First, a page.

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McCain Denounces Hagee

In this Feb. 27, 2008, file photo Republican presidential hopeful, Sen. John McCain, R-Ariz., speaks at a press conference with Rev. John Hagee, an influential Texas televangelist who endorsed John McCain. (Associated Press)

Updated 5:10 p.m.
By Juliet Eilperin and Michelle Boorstein
Sen. John McCain (R-Ariz.) today rejected the endorsement of megachurch pastor and ardent Zionist John Hagee after learning of a sermon in which Hagee posited that Nazism was God's will.

Hagee's sermon was delivered in the late 1990s but a video of it began circulating widely this week on the Web on the site talk2action, which monitors the religious right. The sermon calls Hitler a "hunter," a reference to the Book of Jeremiah, which quotes God saying he "will restore [the Jews] to the land I gave to their forefathers."

Hagee is one of the country's best-known evangelical Christian Zionists; he founded a pro-Israel alliance of Christian groups and has donated tens of millions from his Texas-based ministry to support humanitarian causes in Israel. He has said he is driven by the belief that the creation of the state of Israel, and the return of Jews to Palestine, are God's will.

"A hunter is someone with a gun and he forces you. Hitler was a hunter," Hagee says in the sermon. "And the Bible says -- Jeremiah writing -- 'They shall hunt them from every mountain and from every hill and from the holes of the rocks,' meaning there's no place to hide. And that might be offensive to some people but don't let your heart be offended. I didn't write it, Jeremiah wrote it. It was the truth and it is the truth. How did it happen? Because God allowed it to happen. Why did it happen? Because God said my top priority for the Jewish people is to get them to come back to the land of Israel."

When asked what McCain thought of the remarks, campaign spokesman Tucker Bounds responded with an e-mail from the candidate, denouncing Hagee.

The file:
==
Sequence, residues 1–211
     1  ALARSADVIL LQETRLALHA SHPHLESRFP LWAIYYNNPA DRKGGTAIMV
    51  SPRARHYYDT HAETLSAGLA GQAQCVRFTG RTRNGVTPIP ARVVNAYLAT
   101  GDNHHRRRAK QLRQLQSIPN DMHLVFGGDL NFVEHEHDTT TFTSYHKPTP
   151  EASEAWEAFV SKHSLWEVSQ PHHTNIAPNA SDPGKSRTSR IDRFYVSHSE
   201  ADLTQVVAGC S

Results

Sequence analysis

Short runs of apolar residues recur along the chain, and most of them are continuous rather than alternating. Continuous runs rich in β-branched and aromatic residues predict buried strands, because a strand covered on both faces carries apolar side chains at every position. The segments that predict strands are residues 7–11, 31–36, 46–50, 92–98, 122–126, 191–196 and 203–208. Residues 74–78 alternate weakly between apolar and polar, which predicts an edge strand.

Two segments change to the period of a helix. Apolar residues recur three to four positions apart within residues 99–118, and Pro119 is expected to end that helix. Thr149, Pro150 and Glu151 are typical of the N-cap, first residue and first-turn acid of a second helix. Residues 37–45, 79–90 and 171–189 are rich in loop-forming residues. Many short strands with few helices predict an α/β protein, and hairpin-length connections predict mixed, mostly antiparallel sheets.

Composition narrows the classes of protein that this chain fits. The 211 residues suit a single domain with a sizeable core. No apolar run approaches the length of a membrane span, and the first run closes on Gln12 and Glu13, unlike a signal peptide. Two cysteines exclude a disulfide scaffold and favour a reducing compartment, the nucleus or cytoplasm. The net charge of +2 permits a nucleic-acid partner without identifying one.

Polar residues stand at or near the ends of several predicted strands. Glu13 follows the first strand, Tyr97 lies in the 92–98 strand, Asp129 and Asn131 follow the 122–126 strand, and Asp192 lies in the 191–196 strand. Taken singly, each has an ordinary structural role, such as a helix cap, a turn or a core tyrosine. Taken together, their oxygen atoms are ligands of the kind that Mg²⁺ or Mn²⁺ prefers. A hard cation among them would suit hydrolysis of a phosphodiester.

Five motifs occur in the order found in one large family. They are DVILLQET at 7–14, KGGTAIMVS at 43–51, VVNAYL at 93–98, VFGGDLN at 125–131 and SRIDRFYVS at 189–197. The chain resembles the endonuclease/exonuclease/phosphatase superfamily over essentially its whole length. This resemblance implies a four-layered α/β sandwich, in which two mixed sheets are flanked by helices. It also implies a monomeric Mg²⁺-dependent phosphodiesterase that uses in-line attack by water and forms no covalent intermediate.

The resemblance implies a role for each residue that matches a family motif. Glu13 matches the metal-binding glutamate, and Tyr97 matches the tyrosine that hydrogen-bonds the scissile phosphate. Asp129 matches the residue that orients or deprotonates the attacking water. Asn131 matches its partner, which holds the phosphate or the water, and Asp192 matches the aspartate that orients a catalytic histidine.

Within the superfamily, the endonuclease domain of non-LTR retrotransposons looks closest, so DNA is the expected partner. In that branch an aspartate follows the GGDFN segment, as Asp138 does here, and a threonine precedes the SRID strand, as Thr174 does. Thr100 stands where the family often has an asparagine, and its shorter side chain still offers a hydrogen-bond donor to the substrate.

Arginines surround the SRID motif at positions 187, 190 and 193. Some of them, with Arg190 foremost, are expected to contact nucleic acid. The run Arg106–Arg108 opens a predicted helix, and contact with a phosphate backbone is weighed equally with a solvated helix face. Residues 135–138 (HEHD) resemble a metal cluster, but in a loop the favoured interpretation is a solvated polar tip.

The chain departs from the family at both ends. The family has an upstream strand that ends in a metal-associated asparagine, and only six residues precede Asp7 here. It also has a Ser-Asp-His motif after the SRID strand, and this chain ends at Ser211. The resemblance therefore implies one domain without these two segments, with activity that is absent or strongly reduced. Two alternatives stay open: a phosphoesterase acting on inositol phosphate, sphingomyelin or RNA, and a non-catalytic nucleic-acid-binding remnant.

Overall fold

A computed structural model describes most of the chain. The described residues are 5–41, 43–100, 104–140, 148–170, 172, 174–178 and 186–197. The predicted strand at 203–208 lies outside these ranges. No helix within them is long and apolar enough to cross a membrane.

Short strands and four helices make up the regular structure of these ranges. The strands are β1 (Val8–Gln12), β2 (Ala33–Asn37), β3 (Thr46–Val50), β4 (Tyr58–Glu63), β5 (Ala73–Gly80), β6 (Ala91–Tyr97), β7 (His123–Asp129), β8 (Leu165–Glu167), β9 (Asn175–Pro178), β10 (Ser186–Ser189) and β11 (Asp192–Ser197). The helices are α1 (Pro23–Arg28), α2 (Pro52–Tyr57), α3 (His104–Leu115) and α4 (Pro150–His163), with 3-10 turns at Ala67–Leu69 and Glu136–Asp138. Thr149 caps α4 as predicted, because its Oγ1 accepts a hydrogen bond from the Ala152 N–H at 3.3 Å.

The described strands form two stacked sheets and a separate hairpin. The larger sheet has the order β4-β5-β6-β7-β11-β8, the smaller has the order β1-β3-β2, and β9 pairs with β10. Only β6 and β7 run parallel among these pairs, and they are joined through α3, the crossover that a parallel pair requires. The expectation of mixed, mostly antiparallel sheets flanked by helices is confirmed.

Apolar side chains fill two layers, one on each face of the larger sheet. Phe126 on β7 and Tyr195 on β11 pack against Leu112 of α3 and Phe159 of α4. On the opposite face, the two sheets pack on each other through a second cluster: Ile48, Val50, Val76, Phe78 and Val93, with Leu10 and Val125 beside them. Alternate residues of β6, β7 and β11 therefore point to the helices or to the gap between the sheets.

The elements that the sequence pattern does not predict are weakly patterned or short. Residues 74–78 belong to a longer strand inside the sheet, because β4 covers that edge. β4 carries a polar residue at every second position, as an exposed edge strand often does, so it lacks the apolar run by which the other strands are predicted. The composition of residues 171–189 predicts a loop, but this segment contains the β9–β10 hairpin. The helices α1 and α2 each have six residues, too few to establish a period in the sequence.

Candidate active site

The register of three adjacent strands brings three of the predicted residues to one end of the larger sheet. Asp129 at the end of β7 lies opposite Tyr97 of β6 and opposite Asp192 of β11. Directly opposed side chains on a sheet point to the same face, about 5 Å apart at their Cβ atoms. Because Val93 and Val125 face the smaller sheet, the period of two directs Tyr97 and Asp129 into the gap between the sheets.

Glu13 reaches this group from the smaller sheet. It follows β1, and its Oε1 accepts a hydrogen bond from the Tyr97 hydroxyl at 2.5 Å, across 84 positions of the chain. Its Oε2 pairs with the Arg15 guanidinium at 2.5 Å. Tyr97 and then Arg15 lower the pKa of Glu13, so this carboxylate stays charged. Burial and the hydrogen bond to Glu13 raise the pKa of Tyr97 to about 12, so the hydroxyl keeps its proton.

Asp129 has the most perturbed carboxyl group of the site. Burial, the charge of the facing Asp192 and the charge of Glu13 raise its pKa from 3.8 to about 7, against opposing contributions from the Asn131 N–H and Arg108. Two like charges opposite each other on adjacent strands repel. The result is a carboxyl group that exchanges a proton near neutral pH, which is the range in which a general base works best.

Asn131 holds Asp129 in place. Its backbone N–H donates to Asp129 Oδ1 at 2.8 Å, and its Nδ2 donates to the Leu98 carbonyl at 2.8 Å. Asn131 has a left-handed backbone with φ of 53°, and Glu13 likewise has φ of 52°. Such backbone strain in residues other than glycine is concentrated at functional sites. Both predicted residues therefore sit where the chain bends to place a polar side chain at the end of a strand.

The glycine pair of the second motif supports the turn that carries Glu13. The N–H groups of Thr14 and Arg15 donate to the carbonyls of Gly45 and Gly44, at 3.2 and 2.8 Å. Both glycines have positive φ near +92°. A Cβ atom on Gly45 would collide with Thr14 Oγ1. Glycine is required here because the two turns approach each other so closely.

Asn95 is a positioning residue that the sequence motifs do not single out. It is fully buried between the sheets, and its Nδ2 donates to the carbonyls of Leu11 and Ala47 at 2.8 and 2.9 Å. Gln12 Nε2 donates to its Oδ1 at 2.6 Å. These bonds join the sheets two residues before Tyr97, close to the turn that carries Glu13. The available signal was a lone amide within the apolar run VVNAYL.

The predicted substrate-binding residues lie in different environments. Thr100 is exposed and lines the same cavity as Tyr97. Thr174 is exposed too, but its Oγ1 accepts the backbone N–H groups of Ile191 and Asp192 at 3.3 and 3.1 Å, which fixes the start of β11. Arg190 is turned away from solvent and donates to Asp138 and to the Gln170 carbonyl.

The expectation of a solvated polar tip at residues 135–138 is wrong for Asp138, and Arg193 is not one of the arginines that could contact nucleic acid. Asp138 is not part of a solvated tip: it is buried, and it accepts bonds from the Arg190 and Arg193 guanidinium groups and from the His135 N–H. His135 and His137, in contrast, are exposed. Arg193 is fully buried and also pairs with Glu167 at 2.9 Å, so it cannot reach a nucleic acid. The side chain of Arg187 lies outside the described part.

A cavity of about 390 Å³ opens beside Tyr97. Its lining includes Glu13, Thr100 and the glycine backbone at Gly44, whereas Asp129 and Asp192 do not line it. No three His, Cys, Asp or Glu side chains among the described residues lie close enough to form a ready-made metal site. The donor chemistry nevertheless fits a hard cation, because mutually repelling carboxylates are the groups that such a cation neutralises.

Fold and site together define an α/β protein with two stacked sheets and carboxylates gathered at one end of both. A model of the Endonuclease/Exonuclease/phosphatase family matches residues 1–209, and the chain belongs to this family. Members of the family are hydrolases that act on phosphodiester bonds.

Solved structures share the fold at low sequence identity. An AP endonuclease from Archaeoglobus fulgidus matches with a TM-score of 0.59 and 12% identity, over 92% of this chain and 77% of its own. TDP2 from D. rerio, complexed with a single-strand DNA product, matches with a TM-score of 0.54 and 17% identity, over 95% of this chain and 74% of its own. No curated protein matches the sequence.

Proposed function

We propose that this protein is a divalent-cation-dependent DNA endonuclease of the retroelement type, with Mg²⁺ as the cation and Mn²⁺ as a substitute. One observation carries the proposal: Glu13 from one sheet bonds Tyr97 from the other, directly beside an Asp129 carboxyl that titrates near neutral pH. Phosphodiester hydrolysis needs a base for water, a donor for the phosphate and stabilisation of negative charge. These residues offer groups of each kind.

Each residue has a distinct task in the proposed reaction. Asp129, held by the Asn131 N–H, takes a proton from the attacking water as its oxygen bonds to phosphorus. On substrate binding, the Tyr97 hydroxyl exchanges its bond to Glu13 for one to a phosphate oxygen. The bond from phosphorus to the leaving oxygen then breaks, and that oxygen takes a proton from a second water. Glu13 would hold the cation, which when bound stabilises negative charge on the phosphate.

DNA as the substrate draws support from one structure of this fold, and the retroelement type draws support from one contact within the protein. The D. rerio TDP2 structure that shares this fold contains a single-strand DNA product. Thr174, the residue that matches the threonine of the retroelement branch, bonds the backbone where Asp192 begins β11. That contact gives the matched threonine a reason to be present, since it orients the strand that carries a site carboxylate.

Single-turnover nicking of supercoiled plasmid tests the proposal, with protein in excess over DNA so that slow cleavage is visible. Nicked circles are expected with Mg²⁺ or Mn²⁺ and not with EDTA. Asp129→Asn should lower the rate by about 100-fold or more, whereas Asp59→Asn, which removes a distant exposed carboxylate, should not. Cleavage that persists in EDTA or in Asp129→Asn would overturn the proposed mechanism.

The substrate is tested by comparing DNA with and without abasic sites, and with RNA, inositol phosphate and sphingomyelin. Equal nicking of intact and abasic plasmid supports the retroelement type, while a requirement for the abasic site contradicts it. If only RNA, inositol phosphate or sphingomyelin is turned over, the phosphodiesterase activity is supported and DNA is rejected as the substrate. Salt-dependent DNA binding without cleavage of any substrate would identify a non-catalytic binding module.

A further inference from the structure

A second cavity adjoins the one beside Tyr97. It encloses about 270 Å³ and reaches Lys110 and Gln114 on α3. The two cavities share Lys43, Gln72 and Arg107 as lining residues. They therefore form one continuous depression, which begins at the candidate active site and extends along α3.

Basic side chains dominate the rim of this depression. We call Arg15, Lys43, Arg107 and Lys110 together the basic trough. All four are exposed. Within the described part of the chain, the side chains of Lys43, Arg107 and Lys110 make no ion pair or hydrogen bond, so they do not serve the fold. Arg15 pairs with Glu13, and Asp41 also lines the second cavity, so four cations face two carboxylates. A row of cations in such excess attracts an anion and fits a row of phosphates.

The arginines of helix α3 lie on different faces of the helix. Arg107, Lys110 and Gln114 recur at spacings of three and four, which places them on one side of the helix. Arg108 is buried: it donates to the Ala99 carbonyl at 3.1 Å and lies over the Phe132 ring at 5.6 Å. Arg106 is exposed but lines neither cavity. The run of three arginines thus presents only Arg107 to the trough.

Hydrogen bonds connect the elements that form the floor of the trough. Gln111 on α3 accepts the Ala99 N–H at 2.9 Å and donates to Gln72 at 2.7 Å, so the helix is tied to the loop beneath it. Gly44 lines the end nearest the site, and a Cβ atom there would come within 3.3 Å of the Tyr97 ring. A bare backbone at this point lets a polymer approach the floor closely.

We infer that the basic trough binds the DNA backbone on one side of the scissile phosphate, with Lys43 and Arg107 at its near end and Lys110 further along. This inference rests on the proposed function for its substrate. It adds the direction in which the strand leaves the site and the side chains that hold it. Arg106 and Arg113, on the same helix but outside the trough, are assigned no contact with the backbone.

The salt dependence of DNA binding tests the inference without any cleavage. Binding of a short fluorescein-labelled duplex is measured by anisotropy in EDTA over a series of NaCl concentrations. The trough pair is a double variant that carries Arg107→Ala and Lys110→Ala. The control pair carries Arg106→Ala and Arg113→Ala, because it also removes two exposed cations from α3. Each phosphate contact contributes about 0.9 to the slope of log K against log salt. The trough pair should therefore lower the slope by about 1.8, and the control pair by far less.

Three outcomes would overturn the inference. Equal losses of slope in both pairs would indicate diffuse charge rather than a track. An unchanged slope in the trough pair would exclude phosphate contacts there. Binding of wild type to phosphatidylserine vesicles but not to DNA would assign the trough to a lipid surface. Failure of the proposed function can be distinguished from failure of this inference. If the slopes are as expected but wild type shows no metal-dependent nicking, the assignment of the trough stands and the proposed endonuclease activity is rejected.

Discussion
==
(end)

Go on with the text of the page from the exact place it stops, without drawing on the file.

"Obviously, I find these remarks and others deeply offensive and indefensible, and I repudiate them," McCain said. "I did not know of them before Reverend Hagee's endorsement, and I feel I must reject his endorsement as well."

The comments represented a significant shift by McCain, who had refused to reject Hagee's endorsement despite controversial comments Hagee has made about Catholicism and his implication that Hurricane Katrina represented divine retribution. After learning of those comments, McCain said just because he accepts -- or seeks -- someone's endorsement doesn't mean he endorses that person's views.

At roughly the same time McCain rejected Hagee's endorsement, the reverend issued a statement saying he was withdrawing it to prevent any further damage to the presumptive GOP nominee's candidacy.

"Ever since I endorsed John McCain for president, people seeking to attack Senator McCain have combed my records for statements they can use for political gain. They have had no qualms about grossly misrepresenting my position on issues most near and dear to my heart if it serves their political ambitions," Hagee said in the statement. "I am tired of these baseless attacks and fear that they have become a distraction in what should be a national debate about important issues. I have therefore decided to withdraw my endorsement of Senator McCain for President effective today, and to remove myself from any active role in the 2008 campaign."

The senator also made an effort to draw a distinction between his link to the controversial megapreacher and Sen. Barack Obama's (D-Ill.) ties to Chicago Rev. Jeremiah Wright. Wright's incendiary remarks about the U.S. government have dogged Obama for months.

"I have said I do not believe Senator Obama shares Reverend Wright's extreme views. But let me also be clear, Reverend Hagee was not and is not my pastor or spiritual advisor, and I did not attend his church for twenty years," McCain said in the statement. "I have denounced statements he made immediately upon learning of them, as I do again today."

By Washington Post Editors  |  May 22, 2008; 4:26 PM ET
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